Google on Monday decried restrictions on the Internet by China, Vietnam and other countries, calling them the "trade barriers of the 21st century" and making a case for new trade rules and talks.
"Trade officials and policymakers should be deeply concerned about the impact of Internet information restrictions on economic growth and trade interests," Google said in a policy paper.
"And, they should be ready to use current trade rules and negotiating forums to reduce this threat."
Google, which was involved in a spat with China this year over censorship and cyberattacks, said "more than 40 governments now engage in broad-scale restriction of online information, a tenfold increase from just a decade ago."
"The transformative economic benefits of the Internet are under threat, as increasing numbers of governments move to impose onerous limits on information flow," the Internet search and advertising giant said.
"Today more governments are incorporating surveillance tools into their Internet infrastructure; blocking online services in their entirety; imposing new, secretive regulations; and requiring onerous licensing regimes that often discriminate against foreign companies," it said.
"These actions unnecessarily restrict trade, and left unchecked, they will almost certainly get worse," Google warned.
Google said governments should honor World Trade Organization obligations "and develop new international rules that provide enhanced protection against these trade barriers of the 21st century."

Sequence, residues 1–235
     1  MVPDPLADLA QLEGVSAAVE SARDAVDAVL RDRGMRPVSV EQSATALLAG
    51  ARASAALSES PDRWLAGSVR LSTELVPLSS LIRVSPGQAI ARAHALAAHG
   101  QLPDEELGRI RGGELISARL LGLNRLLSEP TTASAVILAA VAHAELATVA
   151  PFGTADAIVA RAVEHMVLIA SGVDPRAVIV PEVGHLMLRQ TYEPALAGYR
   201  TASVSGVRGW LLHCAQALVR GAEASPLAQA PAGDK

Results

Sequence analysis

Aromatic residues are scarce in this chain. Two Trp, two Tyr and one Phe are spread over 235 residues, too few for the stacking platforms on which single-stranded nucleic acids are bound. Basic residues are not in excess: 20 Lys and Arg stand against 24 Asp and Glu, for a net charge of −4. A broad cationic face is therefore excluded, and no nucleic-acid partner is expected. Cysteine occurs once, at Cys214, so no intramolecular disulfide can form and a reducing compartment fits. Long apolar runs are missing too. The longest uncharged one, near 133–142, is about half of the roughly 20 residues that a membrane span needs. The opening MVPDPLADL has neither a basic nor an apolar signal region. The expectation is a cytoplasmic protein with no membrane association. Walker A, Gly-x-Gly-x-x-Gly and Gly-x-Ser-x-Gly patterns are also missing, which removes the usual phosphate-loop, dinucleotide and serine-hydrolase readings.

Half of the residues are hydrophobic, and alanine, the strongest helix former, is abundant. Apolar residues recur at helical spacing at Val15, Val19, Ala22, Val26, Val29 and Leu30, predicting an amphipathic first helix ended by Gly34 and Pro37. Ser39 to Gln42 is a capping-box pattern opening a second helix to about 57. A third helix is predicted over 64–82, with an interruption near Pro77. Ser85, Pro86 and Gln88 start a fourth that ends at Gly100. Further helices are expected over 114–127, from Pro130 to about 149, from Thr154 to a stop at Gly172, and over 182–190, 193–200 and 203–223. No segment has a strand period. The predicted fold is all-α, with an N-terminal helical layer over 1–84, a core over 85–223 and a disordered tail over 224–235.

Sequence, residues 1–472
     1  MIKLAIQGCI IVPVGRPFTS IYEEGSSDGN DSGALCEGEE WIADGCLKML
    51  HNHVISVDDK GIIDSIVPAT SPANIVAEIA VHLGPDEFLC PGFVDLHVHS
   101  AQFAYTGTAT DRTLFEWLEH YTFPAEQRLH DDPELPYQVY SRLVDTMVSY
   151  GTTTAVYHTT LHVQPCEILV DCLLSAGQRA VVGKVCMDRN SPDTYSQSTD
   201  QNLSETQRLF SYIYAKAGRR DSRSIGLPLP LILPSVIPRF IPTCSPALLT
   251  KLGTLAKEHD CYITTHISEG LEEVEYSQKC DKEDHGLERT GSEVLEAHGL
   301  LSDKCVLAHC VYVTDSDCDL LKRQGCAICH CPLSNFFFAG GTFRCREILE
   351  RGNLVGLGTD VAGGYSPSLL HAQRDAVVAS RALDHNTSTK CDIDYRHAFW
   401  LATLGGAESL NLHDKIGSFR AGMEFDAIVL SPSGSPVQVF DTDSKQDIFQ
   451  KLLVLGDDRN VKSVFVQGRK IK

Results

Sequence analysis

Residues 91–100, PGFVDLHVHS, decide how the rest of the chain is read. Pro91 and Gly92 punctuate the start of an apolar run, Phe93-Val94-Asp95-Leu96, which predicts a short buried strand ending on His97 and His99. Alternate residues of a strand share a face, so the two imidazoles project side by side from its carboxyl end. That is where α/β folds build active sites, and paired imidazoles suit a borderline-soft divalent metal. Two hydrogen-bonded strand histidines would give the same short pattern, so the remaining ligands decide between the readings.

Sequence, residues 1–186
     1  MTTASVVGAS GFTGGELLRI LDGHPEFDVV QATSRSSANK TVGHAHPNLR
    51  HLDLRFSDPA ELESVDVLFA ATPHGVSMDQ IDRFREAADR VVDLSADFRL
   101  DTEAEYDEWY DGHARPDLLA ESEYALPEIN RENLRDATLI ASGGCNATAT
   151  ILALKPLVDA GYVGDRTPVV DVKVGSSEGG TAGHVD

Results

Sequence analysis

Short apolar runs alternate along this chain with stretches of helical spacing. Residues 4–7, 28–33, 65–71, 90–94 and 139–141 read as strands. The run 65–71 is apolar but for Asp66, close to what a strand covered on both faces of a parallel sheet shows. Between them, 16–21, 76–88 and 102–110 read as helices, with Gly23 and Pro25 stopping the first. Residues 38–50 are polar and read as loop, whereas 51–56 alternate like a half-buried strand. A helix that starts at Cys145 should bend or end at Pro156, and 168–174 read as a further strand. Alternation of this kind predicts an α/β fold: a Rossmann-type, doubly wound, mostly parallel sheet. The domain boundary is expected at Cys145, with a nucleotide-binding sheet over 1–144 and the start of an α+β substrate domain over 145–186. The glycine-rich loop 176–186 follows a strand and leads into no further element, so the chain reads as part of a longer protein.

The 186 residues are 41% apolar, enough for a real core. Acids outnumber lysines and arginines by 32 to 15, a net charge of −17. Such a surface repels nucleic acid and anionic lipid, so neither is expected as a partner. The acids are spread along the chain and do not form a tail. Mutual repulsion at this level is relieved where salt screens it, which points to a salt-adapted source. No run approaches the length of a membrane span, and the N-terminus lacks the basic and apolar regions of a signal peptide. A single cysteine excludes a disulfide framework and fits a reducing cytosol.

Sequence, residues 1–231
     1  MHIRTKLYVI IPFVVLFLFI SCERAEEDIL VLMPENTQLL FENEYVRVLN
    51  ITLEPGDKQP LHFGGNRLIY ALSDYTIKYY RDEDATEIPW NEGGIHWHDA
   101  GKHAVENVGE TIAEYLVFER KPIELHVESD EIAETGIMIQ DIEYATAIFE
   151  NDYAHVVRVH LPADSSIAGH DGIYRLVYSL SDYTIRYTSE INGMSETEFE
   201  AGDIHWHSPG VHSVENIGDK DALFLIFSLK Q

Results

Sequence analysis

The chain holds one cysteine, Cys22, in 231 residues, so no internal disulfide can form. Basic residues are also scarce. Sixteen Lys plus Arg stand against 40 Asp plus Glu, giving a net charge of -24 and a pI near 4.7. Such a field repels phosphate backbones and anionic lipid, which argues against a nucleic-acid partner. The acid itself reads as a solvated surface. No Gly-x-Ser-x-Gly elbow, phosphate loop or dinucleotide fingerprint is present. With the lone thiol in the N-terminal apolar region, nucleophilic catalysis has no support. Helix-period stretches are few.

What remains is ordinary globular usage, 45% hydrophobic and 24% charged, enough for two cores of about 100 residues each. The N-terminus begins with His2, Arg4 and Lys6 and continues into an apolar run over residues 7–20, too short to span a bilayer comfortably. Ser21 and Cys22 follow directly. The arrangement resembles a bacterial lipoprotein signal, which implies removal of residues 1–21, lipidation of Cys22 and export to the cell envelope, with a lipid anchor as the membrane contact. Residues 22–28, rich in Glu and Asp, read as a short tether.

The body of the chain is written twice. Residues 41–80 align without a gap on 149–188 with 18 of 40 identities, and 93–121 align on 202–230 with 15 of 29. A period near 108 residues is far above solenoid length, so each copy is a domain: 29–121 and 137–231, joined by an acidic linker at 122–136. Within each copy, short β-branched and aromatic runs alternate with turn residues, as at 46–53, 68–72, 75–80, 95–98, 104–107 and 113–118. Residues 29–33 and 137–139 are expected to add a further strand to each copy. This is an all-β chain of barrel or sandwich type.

"Governments in the United States, the EU and elsewhere have a variety of existing trade agreements -- principally the WTO General Agreement on Trade in Services (GATS) -- that can and should be applied where appropriate to combat restriction and disruption of information delivered by the Internet," it said.
Google compared government blocking of an Internet service "to a customs official stopping all goods from a particular company at the border."
"Censorship on the Internet poses a significant economic threat to companies seeking a level playing field as they establish markets overseas," Google said.
"When a foreign government blocks or technically interferes with a website, it has either barred or undercut that business' access to the market," it said.
"In China, for instance, numerous US Internet services have been kept out or severely restricted, while Chinese versions of the same services have been permitted to operate," Google said.
"Governments including China and Vietnam censor both services and content at international telecommunications network gateways, and subject Internet traffic coming from outside the country to special filtering regimes," Google said.
It cited China's periodic shutdowns of Facebook, Flickr, Twitter and Foursquare and said Vietnam has blocked Facebook since last year.
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